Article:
Fortescue Metals Group Ltd on Thursday reported flat third-quarter iron ore shipments and higher costs, missing analysts’ forecasts, as it was hit by wet weather in Western Australia and a stronger Australian dollar.
Cyclone season similarly dented output for Fortescue’s bigger iron ore mining rivals Rio Tinto and BHP Group , but they have all benefited from soaring prices for the steelmaking ingredient.
Fortescue’s average revenue nearly doubled from a year ago, though it came in below forecasts.
Tight supply from Australia and Brazil has driven iron ore prices to record highs amid robust demand from China’s steelmakers, with infrastructure spending driving brisk growth in the world’s second-largest economy.
“We’re just seeing constraint on supply, and we’re seeing very strong demand. So those conditions continue to support the current iron ore price,” Fortescue Chief Executive Elizabeth Gaines told reporters.
The world’s fourth-largest iron ore miner shipped 42.3 million tonnes (Mt) in the three months to March 31, on par with a year earlier but below analysts’ forecasts around 43.3 million tonnes.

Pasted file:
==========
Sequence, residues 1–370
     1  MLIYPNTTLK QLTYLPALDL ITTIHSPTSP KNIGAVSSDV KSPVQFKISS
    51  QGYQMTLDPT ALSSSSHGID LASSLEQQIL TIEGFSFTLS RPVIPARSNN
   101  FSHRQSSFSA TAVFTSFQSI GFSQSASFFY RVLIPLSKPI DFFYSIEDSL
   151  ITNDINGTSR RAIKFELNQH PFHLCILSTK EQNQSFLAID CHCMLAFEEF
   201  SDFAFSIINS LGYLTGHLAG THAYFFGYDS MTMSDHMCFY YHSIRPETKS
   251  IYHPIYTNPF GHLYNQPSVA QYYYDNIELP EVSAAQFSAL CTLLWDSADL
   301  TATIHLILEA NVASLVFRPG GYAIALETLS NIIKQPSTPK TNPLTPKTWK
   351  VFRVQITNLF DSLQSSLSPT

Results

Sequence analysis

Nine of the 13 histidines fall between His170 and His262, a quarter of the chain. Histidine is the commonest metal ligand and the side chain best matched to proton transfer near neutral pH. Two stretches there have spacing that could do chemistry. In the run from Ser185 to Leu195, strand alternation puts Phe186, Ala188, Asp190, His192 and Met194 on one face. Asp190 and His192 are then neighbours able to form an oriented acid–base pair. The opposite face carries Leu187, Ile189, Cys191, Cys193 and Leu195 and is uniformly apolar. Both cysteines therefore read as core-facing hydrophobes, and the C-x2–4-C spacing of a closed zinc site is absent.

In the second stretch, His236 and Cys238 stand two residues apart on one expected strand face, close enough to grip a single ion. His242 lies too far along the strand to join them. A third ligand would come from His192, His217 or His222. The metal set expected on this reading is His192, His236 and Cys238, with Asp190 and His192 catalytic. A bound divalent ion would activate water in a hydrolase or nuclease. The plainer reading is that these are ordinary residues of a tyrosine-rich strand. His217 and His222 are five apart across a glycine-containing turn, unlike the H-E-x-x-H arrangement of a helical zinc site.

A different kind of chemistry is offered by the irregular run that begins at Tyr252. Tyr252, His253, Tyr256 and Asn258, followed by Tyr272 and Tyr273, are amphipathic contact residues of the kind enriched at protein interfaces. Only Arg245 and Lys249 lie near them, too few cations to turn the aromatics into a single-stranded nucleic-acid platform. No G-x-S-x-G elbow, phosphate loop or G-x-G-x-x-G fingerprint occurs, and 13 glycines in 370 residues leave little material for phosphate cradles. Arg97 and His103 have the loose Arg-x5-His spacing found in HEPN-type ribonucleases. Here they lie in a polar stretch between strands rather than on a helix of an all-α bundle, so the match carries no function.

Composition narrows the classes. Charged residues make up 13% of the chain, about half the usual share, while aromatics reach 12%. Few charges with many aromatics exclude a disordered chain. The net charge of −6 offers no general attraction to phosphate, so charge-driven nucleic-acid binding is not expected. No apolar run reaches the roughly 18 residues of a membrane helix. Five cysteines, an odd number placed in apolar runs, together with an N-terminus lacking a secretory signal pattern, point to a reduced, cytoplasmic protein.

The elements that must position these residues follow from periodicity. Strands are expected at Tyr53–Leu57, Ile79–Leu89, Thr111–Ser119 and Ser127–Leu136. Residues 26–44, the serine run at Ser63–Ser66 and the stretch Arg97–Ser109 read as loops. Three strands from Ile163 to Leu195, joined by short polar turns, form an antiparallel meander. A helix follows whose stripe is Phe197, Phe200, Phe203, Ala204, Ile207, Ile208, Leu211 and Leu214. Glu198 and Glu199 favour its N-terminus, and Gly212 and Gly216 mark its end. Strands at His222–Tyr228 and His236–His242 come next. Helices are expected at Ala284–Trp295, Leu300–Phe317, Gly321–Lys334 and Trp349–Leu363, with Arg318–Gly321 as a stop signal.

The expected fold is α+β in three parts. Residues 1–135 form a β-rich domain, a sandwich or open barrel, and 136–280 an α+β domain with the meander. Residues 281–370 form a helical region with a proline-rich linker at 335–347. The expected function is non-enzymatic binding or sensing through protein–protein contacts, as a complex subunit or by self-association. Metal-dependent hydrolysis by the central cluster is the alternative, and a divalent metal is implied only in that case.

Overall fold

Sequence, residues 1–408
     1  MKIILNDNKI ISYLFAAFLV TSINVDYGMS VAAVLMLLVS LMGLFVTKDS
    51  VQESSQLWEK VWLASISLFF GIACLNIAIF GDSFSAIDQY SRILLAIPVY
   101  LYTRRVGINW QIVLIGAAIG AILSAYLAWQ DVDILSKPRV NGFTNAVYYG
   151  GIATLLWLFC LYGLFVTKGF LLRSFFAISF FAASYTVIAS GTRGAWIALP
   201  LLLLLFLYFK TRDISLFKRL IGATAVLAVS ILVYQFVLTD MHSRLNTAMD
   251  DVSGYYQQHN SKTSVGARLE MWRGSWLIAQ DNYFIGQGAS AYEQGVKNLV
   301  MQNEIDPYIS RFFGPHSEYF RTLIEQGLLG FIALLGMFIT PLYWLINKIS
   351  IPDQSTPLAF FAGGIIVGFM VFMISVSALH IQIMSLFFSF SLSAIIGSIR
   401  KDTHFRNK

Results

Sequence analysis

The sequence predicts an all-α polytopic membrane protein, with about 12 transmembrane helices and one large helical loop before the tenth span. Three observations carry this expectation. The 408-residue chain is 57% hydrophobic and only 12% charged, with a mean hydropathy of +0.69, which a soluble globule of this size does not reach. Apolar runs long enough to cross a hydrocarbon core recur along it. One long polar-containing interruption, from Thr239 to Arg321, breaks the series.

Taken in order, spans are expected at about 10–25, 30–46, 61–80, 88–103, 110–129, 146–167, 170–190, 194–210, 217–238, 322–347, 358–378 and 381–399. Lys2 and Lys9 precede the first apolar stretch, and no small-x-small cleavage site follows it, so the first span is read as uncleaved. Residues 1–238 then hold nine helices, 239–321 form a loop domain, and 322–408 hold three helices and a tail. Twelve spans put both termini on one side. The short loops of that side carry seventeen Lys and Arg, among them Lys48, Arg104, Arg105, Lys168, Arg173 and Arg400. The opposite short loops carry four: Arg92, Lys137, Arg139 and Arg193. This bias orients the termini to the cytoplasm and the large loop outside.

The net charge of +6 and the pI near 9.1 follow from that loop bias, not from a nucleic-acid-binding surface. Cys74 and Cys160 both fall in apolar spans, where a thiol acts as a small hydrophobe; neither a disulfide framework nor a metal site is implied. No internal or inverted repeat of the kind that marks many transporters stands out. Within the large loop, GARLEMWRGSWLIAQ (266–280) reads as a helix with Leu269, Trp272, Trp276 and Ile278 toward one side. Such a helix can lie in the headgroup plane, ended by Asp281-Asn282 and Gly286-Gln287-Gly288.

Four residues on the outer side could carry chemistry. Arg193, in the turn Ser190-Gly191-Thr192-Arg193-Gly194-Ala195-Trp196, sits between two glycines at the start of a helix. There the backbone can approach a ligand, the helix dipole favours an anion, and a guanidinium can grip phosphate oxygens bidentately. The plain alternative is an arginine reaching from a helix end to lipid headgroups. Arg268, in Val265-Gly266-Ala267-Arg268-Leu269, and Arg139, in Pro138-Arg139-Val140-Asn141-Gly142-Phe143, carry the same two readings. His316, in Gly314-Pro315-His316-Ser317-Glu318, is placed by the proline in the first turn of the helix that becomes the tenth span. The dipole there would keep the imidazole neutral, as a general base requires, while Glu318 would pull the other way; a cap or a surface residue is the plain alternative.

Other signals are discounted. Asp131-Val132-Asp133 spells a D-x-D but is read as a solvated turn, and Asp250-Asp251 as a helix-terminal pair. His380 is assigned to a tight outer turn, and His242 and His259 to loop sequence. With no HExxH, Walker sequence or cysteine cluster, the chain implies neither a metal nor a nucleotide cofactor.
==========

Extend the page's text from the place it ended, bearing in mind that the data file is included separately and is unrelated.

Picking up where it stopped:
Nevertheless it maintained its outlook for 2021 shipments between 178 Mt and 182 Mt.
Cash costs rose 12% from a year earlier to $14.90 per wet metric tonne (wmt), against analysts’ forecasts of $14.20 per wmt, but Fortescue maintained its annual cash cost outlook between $13.50 and $14 per wmt.
Covid-19 border restrictions in Australia have raised costs for skilled labour such as train drivers and excavator operators, Gaines said.
Fortescue hiked its capital spending outlook to between $3.5 billion and $3.7 billion, up as much as 9% from the top end of its previous estimate, due to a stronger Australian dollar, clean energy projects and work on its Iron Bridge project.
Average revenue of $143 per tonne was nearly double the average it achieved a year earlier, but it missed brokers’ forecasts around $149 per tonne.
Fortescue’s shares fell as much as 3.5% after the quarterly report, but recovered to trade down 0.7%.
(By Sonali Paul and Shashwat Awasthi; Editing by Devika Syamnath and Ana Nicolaci da Costa)